I’ve filled out applications for funding, dealt with all of that, and then, after almost two years of groundwork, I walk into this recording studio.

Then, in the space of a few hours, they record my music – almost flawlessly – without ever having rehearsed it. The whole disc was recorded in two days.

Kenneth Fuchs, professor of music and composer.
Kenneth Fuchs, professor of music and composer.
Photo by Peter Schaaf

Is that what inspired you to write United Artists, the first piece on the disc?
Yes. I was so blown away by the experience of working with the LSO on my first disc that I wanted to write a work that acknowledged my affection for the orchestra and its artistry.

So I wrote what we call an orchestral opener, a very bright, energetic orchestral piece, as a tribute to the LSO.

I understand that Canticle to the Sun was written specifically for Timothy Jones, the LSO’s principal French horn.
I love the French horn, and when I heard Tim play my music for the first time, I was amazed. It was exactly the way I had heard it.

I asked him if he would consider letting me write a concerto for him. Canticle to the Sun is based on the hymn tune All Creatures of our God and King that I grew up with. It fits the French horn – that very round, golden, mellifluous sound.

I wanted to take elements of that tune and create a spiritual, musical place, almost like a musical church for Tim to be the celebrant.

I know you’re also inspired by particular works of art.
While living in New York, I started going to museums and galleries, and I fell in love with abstract expressionist painting.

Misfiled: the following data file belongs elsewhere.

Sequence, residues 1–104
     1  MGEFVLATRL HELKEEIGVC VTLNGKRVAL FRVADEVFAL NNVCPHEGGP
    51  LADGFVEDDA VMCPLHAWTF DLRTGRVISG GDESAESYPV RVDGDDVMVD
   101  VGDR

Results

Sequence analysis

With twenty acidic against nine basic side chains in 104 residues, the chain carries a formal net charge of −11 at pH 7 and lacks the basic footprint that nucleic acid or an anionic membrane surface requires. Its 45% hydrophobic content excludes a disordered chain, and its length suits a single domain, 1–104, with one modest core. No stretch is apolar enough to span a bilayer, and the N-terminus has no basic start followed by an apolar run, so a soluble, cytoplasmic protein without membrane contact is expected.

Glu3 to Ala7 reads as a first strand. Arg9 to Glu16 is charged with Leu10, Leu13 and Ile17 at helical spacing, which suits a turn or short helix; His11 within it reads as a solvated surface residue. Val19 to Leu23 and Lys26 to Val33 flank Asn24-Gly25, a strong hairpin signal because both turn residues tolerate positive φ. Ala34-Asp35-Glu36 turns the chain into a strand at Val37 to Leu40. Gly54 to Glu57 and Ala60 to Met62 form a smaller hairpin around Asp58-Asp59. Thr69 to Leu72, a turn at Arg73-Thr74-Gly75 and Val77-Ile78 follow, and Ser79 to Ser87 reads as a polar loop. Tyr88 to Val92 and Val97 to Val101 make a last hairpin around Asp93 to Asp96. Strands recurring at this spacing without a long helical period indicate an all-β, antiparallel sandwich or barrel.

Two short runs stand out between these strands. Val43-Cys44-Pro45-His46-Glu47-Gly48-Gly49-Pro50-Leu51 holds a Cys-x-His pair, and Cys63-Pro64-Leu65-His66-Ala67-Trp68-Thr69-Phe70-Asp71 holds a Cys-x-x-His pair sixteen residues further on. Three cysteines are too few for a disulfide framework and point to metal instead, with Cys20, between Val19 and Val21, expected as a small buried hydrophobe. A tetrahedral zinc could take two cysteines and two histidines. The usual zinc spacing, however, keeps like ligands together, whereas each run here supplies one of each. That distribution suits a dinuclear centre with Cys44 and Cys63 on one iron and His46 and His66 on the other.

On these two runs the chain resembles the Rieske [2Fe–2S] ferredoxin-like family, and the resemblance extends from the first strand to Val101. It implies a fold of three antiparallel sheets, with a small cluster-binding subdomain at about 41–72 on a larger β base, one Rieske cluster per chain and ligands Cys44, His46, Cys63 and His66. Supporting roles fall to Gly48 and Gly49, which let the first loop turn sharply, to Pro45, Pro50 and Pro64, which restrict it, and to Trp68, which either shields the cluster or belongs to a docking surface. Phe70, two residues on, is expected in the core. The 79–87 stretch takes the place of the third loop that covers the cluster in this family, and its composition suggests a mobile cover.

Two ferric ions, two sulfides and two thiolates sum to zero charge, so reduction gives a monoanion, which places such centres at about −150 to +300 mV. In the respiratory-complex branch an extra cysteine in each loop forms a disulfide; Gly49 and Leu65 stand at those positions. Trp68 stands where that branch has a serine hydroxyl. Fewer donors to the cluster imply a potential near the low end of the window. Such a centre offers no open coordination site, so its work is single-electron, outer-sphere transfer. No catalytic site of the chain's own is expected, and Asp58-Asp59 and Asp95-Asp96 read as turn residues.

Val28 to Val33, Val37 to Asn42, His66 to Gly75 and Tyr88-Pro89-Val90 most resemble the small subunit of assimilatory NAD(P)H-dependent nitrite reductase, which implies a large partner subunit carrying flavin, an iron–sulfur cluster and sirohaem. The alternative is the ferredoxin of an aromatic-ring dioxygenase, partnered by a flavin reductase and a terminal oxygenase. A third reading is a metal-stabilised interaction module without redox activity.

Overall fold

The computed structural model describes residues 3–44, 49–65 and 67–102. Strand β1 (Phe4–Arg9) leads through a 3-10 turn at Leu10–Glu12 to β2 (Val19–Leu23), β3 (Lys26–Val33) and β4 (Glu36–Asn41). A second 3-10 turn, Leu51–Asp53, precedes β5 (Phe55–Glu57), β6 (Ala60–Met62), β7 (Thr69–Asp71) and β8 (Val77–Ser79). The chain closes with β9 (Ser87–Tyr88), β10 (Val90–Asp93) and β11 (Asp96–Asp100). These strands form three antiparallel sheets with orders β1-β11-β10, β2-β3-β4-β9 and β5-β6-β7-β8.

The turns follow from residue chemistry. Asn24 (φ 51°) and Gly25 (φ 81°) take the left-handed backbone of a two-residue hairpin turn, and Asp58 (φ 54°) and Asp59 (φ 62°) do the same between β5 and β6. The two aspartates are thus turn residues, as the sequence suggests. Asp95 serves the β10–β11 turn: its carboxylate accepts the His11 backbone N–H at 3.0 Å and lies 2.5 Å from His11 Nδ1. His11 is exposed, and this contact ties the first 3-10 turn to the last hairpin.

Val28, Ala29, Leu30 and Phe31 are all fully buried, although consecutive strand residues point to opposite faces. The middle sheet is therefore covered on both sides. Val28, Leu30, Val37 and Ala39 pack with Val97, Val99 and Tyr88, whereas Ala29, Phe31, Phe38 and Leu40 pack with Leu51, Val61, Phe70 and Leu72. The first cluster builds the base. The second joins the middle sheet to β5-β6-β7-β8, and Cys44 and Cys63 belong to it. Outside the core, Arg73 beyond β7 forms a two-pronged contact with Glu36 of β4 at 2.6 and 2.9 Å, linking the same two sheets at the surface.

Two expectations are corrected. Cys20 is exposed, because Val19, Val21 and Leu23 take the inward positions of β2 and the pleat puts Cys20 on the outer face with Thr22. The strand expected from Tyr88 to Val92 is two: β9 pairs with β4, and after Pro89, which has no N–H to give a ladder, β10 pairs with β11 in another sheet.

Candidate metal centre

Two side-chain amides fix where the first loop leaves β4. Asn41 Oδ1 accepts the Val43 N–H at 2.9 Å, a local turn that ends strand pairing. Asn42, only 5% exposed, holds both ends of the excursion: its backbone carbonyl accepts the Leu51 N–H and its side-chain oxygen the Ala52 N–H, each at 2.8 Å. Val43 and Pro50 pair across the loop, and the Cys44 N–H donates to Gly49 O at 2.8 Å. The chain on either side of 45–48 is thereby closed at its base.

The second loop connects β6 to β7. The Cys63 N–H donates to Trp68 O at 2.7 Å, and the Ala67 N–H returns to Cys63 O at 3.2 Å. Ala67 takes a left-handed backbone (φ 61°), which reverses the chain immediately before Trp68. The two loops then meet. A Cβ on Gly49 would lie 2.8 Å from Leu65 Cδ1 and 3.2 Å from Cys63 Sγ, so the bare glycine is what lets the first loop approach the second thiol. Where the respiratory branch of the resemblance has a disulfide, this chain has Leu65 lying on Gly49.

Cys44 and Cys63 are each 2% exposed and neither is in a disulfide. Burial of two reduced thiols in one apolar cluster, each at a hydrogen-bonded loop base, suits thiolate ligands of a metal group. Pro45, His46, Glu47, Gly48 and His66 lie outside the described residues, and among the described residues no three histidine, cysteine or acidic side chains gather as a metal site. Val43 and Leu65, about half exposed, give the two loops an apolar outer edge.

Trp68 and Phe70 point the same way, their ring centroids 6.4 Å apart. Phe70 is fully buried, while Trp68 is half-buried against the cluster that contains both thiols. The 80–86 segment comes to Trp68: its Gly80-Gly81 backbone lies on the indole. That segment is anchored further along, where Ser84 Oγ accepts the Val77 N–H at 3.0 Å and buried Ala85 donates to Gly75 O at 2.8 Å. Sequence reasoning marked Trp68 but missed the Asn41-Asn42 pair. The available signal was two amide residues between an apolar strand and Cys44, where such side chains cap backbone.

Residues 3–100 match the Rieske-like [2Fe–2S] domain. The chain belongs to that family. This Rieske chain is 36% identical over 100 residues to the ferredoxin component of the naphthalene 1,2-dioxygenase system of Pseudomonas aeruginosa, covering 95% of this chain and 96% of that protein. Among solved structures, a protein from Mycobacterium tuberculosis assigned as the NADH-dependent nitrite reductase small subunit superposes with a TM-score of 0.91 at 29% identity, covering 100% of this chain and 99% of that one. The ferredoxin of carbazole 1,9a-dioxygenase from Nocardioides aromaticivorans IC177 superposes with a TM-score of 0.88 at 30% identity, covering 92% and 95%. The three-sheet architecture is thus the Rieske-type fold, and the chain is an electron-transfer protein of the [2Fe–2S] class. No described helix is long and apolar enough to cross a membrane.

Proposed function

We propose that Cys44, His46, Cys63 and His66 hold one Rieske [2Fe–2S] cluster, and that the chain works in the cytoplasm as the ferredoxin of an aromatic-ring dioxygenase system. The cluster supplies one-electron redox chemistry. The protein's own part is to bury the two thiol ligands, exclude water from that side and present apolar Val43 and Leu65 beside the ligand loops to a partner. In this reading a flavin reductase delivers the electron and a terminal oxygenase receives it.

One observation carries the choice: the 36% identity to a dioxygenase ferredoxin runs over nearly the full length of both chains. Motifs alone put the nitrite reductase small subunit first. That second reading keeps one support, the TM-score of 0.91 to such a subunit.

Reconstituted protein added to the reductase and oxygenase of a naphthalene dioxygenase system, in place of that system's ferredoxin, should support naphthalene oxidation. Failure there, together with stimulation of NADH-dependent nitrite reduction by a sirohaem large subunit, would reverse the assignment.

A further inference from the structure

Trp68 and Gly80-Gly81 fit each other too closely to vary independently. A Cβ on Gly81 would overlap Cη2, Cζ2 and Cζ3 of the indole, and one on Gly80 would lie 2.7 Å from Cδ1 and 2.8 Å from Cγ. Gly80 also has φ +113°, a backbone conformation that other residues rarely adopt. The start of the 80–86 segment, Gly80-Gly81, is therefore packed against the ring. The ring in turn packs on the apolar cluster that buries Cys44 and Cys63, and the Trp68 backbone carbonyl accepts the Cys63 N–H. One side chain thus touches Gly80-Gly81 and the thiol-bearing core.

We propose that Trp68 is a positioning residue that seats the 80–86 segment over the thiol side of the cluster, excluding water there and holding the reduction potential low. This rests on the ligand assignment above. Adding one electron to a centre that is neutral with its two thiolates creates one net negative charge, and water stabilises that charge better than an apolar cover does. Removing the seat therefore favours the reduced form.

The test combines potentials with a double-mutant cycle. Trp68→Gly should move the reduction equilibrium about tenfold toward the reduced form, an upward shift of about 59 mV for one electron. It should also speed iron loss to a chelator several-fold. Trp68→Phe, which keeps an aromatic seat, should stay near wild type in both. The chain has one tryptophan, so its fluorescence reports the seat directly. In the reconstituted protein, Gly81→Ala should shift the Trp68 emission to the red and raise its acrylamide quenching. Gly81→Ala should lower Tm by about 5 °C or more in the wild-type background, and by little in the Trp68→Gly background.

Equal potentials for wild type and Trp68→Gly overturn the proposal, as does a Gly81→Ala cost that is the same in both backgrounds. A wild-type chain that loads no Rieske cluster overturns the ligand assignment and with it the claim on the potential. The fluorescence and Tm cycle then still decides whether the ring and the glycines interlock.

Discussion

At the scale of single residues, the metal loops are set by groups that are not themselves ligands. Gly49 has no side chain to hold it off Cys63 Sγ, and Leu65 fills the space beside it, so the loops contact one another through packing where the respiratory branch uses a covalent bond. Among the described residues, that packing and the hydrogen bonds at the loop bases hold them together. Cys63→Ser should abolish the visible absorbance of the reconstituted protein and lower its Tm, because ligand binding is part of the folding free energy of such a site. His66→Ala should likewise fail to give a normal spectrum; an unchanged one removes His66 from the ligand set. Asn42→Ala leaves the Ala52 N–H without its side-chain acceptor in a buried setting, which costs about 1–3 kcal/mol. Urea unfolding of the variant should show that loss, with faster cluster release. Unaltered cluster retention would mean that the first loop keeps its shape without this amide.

Autumn Rhythm was inspired by Jackson Pollock’s large painting by the same name, which I first saw at the Metropolitan Museum of Art in the ’80s.

I wanted to write a piece of music that expressed some of the same energy and pulse.

I wrote Fire, Ice and Summer Bronze after seeing Helen Frankenthaler’s work. It was so colorful, visceral, and exciting. I thought, “Wow, I want my music to sound like that.”

Do you compose at the piano or keyboard?
No. I don’t initially sit down at the keyboard and start playing. I hear the music in my head.

I know what the instruments sound like, and I can hear the orchestra playing. At that point, I’ll get the music paper and start to sketch some ideas. I use the keyboard as a reference to check specific harmonies and chord voicing.

What do you tell students who want to become composers?
I tell them, “If you want to be a composer, you must study musical repertoire of all stylistic periods. You must develop your ear and ability at the keyboard. And you have to learn how to promote yourself and your music.

You need a web site, you need photographs, and you need to learn how to contact conductors and performers, what to say in a letter, and how to follow up. You need to know how to prepare your music for a recording session.

In short, you have to become a musical entrepreneur.”

Hear Kenneth Fuchs music on his faculty webpage - scroll to the player at the bottom of the page.